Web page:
A common "script kiddie" technique to find vulnerable online computer systems is to attempt to scan a range of IP addresses for responsive known services, such as Telnet or SSH, and then attempt to log in using the default username and password. A crude physical analogy would be a burglar who walks from house to house in a neighbourhood, checking to see whether anyone has forgotten to put a lock on their door.
With an opportunistic attack, given enough "neighbourhoods" and enough time, one could potentially gain an insight into how poorly protected people are. However, with the burglar being a single person, doing so would take them a prohibitively long time — unless, theoretically, they were able to recruit vulnerable households and send them to different neighbourhoods to do the same.
That was the idea behind the Internet Census 2012 and the Carna botnet, an illegal project that, in addition to answering the big question of how many IPv4 addresses are in use, highlighted just how many people left their metaphorical front doors unlocked by using default passwords and user logins.
In an author-less paper published on Bit Bucket, the Carna botnet outsourced the task of port scanning millions of IP addresses to vulnerable machines, beginning with a scan of about 100,000 IP addresses.
"With 100,000 devices scanning at 10 probes per second, we would have a distributed port scanner to port scan the entire IPv4 internet within 1 hour," the paper said.
The botnet itself did not spread using any sophisticated techniques, instead trying the username/password combinations of admin/admin, root/root, and both usernames with blank passwords. Between March and December 2012, the Carna botnet consisted of 420,000 clients.
Despite having control of such a large network, the botnet remained relatively benign, as its intent was to collect data for research. The paper states that the author had "no interest to interfere with default device operation" and made no permanent changes to machines it infected. Removal of any uploaded files was a simple matter of rebooting the device, and a number of precautions were made to ensure that they would not interfere with normal device usage.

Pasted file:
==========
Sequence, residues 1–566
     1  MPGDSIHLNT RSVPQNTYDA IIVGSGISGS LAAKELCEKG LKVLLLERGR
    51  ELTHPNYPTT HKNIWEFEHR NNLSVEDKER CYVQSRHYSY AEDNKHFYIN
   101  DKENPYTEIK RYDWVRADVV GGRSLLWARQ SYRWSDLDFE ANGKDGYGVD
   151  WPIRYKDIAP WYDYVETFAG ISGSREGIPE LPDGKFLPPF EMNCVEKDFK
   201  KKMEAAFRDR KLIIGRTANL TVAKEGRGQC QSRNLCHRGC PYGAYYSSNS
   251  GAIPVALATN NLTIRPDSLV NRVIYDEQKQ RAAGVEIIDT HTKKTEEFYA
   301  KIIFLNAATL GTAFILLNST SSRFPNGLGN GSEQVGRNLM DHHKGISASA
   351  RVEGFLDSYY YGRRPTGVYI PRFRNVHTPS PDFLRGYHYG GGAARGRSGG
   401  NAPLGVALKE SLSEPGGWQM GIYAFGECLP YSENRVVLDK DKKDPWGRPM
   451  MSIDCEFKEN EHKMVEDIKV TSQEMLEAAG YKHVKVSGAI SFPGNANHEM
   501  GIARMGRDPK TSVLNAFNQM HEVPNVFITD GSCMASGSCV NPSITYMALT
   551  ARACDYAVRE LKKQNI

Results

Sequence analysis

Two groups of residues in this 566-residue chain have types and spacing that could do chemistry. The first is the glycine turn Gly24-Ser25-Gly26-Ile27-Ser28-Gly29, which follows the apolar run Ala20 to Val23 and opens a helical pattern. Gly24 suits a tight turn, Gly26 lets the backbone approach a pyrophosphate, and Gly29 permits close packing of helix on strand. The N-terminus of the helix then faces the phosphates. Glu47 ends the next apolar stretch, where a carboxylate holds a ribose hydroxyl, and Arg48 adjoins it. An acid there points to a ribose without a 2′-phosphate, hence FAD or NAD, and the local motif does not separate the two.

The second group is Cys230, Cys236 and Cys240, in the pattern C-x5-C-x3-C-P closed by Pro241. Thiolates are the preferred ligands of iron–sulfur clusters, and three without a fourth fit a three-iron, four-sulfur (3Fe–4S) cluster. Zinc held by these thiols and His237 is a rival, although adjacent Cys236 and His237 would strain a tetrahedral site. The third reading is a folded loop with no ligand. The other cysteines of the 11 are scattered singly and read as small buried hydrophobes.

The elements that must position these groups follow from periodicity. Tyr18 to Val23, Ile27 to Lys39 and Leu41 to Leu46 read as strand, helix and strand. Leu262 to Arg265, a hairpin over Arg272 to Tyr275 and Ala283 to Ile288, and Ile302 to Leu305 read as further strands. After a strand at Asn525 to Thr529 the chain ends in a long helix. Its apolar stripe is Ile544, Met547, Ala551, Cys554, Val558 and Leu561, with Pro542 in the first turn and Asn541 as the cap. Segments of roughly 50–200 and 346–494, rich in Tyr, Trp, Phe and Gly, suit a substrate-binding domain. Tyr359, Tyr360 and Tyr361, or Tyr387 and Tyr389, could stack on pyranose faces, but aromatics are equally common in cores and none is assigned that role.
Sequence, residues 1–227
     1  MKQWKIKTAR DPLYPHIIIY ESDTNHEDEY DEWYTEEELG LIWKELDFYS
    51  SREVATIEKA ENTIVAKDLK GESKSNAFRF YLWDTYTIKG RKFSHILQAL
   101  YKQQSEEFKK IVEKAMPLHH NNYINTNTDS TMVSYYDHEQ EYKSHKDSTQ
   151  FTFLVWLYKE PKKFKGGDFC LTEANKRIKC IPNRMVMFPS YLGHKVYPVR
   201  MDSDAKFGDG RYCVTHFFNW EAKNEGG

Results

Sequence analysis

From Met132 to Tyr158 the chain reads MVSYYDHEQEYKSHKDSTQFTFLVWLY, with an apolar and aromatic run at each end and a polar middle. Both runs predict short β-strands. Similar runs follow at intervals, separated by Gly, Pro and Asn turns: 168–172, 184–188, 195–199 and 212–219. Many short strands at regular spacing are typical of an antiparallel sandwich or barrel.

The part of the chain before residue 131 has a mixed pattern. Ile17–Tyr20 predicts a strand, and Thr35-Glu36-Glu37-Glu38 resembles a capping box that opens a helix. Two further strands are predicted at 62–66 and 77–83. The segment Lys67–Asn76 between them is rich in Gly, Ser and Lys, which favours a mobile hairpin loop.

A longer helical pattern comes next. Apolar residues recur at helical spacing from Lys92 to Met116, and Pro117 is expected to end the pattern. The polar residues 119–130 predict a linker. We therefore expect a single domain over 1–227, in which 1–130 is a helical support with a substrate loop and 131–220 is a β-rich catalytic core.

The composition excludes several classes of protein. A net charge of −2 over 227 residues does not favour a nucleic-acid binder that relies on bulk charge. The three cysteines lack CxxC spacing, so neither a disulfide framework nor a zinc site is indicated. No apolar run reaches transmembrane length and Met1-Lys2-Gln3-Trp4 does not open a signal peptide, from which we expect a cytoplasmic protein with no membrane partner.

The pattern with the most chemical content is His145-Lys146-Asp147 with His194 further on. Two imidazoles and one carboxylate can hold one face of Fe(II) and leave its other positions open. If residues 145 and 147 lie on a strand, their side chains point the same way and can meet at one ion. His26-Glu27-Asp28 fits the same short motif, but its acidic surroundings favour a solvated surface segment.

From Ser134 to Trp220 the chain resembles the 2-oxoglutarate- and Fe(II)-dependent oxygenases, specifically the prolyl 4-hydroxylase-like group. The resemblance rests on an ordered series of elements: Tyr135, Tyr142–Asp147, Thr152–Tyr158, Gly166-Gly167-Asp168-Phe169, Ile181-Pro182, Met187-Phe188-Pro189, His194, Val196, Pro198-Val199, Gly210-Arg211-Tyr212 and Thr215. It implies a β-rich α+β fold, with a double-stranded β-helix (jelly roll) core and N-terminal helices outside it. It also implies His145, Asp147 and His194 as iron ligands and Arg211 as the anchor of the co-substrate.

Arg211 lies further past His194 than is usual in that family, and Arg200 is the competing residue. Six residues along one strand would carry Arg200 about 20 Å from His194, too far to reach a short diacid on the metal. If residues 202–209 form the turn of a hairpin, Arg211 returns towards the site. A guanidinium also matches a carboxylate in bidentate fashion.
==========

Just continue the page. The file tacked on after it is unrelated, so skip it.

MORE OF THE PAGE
"Our binaries were running with the lowest possible priority, and included a watchdog that would stop the executable in case anything went wrong. Our scanner was limited to 128 simultaneous connections, and had a connection timeout of 12 seconds," the paper said.
"We also uploaded a readme file containing a short explanation of the project, as well as a contact email address to provide feedback for security researchers, ISPs, and law enforcement who may notice the project."
While the census found that the majority of vulnerable devices were consumer routers, the paper notes that a few vulnerable devices included industrial control systems and border gateway protocol routers responsible for assisting in finding country-wide routes for the wider internet. In simplistic terms, the latter routers help ISPs to find optimal routes through which to direct, at times, country-wide traffic, making it possible to cut entire nations off from the rest of the world. This protocol has been subject to attack in the past, such as when Syria was knocked off the internet last year, or when 15 percent of the world's traffic was routed through China in 2010.